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DE-MOT'IC, a. [Gr. δημοτικος, from δημος, people.]

Popular; common; pertaining to the people. – Russell.

DE-MULCE', v.t. [demuls'; L. demulceo.]

To soothe; to soften or pacify. [Not used.]

DE-MUL'CENT, a. [L. demulcens, demulceo; de and mulceo, to stroke, to soften; allied perhaps to mollis, mellow.]

Softening; mollifying; lenient; as, oil is demulcent.


Any medicine which lessens the effect of irritation on the solids; that which softens or mollifies; as gums, roots of marsh-mallows, and other mucilaginous substances.

DE-MUR', n.

Stop; pause; hesitation as to the propriety of proceeding; suspense of proceeding or decision. All my demurs but double his attacks. – Pope.

DE-MUR', v.i. [Fr. demeurer; Sp. demorar; Port. demorar; It. dimorare; L. demoror; de and moror, to stay or delay, mora, delay; Arm. miret, to hold; Sax. merran, myrran, to hinder; allied to L. miror, and Eng. to moor, Sp. amarrar.]

  1. To stop; to pause; to hesitate; to suspend proceeding; to delay determination or conclusion. On receiving this information, the minister demurred, till he could obtain further instructions.
  2. In law, to stop at any point in the pleadings, and rest or abide on that point in law for a decision of the cause. Thus the defendant may demur to the plaintif's declaration, alledging it to be insufficient in law; the plaintif may demur to the defendant's plea, for a like reason.

DE-MUR', v.t.

To doubt of. [Not legitimate.] – Milton.

DE-MURE', a. [perhaps from demur, that is, set, fixed, stayed, silent.]

Sober; grave; modest; downcast; as, a demure countenance; a demure abasing of the eye. – Bacon.

DE-MURE', v.i.

To look with a grave countenance. [Not used.] – Shak.

DE-MURE'LY, adv.

With a grave, solemn countenance; with a fixed look; with a solemn gravity. Esop's damsel sat demurely at the board's end. – Bacon.


Gravity of countenance; soberness; a modest look. – Sidney.

DE-MUR'RAGE, n. [See Demur.]

An allowance made to the master of a trading vessel, for delay or detention in port beyond the appointed time of departure. This expense is paid by the merchant who causes the detention.


Stopped; objected to.


  1. One who demurs.
  2. In law, a stop at some point in the pleadings, and a resting of the decision of the cause on that point; an issue on matter of law. A demurrer confesses the fact or facts to be true, but denies the sufficiency of the facts in point of law to support the claim or defense. A demurrer may be tendered to the declaration, to the plea, to the replication, to the rejoinder, &c. – Blackstone.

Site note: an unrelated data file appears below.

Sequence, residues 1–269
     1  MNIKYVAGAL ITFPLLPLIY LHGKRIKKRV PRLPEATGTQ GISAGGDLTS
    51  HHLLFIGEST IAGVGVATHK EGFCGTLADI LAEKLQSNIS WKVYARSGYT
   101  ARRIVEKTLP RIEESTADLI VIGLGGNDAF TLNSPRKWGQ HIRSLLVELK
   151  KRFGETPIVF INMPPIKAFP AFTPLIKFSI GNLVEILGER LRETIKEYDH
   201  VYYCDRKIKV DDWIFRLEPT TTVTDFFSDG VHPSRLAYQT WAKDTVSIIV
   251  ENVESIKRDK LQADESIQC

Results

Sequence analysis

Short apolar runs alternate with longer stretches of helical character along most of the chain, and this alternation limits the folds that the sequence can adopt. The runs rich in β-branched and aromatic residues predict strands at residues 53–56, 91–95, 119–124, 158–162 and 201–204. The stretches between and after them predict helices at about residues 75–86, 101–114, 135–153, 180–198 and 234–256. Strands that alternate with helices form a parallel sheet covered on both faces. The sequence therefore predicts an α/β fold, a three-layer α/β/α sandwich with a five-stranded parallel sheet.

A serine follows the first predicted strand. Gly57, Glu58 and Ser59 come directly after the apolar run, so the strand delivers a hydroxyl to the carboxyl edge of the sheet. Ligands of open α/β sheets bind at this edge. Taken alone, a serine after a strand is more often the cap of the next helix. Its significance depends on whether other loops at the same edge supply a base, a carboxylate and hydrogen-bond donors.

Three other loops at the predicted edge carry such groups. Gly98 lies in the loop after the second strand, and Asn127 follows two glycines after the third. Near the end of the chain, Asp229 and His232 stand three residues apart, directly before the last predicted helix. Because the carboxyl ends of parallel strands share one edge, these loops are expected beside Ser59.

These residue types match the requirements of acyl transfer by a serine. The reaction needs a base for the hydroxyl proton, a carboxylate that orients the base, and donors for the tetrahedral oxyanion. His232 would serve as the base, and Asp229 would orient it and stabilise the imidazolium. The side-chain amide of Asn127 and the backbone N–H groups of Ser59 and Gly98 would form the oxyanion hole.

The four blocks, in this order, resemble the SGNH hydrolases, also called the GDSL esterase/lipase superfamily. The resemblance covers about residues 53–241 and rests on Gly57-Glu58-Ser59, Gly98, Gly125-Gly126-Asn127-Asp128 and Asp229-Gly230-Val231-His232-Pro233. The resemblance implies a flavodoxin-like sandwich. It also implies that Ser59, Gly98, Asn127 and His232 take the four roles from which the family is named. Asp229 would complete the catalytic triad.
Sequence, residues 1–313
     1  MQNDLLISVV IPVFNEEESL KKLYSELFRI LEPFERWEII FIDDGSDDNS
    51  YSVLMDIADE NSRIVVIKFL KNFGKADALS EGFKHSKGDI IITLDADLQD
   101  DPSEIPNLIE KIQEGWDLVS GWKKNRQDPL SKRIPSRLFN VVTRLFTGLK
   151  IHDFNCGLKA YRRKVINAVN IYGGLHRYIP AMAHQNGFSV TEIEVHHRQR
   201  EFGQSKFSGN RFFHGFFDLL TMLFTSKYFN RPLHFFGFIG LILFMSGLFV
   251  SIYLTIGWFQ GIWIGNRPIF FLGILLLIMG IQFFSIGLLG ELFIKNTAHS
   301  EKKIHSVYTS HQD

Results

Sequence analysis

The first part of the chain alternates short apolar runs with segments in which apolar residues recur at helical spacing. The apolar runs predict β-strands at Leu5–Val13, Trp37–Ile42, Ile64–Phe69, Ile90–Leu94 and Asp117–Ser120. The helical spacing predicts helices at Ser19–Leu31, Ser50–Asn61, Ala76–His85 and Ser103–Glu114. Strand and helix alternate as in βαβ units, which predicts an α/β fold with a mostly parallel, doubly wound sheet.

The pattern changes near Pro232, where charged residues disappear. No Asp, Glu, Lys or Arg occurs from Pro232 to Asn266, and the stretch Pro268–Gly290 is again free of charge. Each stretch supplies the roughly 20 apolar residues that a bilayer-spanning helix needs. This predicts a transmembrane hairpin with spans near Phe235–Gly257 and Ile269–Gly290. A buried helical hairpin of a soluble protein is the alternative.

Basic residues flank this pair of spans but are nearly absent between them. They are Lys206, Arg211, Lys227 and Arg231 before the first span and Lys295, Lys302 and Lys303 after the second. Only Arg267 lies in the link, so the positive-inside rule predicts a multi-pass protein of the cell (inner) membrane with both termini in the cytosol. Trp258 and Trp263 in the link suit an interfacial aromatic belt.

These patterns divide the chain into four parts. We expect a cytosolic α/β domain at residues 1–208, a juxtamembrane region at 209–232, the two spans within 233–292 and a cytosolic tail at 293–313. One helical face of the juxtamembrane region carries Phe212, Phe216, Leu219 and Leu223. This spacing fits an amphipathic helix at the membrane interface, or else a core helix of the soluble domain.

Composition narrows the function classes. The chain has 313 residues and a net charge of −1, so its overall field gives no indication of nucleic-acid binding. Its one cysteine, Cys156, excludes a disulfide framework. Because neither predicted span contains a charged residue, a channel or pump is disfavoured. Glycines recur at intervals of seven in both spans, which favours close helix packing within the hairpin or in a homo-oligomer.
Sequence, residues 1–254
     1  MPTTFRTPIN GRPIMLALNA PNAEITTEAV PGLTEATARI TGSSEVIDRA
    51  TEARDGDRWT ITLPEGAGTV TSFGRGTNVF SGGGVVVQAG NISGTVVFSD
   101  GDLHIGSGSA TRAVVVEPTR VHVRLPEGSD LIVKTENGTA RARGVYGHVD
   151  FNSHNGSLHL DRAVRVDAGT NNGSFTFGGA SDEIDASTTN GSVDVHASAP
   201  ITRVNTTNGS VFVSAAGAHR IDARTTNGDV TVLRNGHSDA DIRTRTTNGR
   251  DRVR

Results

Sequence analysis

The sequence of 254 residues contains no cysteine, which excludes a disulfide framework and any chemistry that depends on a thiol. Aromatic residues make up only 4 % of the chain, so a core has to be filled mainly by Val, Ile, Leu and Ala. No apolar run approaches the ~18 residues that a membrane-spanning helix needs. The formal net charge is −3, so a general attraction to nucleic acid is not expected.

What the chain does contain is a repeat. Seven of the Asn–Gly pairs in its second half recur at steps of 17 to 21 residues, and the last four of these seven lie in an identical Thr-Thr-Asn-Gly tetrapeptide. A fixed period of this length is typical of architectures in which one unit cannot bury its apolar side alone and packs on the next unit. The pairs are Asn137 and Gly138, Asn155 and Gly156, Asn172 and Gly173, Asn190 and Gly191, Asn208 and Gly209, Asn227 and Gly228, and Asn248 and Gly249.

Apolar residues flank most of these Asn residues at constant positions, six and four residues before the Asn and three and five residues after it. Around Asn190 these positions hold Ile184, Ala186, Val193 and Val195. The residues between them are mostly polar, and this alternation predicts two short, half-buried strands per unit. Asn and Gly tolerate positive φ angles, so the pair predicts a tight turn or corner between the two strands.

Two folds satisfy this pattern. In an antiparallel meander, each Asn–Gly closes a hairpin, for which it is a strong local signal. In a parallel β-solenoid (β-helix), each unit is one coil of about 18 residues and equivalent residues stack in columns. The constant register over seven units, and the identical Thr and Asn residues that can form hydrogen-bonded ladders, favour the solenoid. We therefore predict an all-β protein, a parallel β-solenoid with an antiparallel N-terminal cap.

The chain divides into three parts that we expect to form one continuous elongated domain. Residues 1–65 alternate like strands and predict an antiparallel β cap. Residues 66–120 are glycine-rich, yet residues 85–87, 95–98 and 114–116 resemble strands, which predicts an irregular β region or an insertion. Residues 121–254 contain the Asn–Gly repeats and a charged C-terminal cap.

Stopping; pausing; suspending proceedings or decision; resting or abiding on a point in law.

DE-MY', n. [Fr. demi, half.]

  1. A particular size of paper; a kind of paper of small size.
  2. A half fellow at Magdalen college, Oxford.

DEN, n. [Sax. den, dene, denn, a valley; It. tana; Fr. taniere; Ir. tuinnedhe.]

  1. A cave or hollow place in the earth; usually applied to a cave, pit, or subterraneous recess, used for concealment, shelter, protection, or security; as, a lion's den; a den of robbers or thieves. The beasts go into dens. – Job xxxvii. The children of Israel made themselves dens. – Judges vi.
  2. As a termination, in names of places, it denotes the place to be in a valley or near a wood.

DEN, v.i.

To dwell as in a den.

DE-NAR'COT-IZE, v.t. [de and narcotic.]

To deprive of narcotine; as, to denarcotize opium – Journ. of Science.

DE-NA'RI-US, n. [L. from deni, ten.]

A Roman coin of the value of about sixteen or seventeen cents; so called from the letter X upon it. In law-books, it is used for an English penny.

DEN'A-RY, a. [L. denarius.]

Containing ten.

DEN'A-RY, n.

The number ten. – Digby.

DE-NA'TION-AL-IZE, v.t. [de and nation.]

To divest of national character or rights, by transference to the service of another nation. A ship built and registered in the United States, is denationalized by being employed in the service of another nation and bearing its flag. – French Decrees. Dec. of the Prince Regent.


Deprived of national rights.


Depriving of national rights.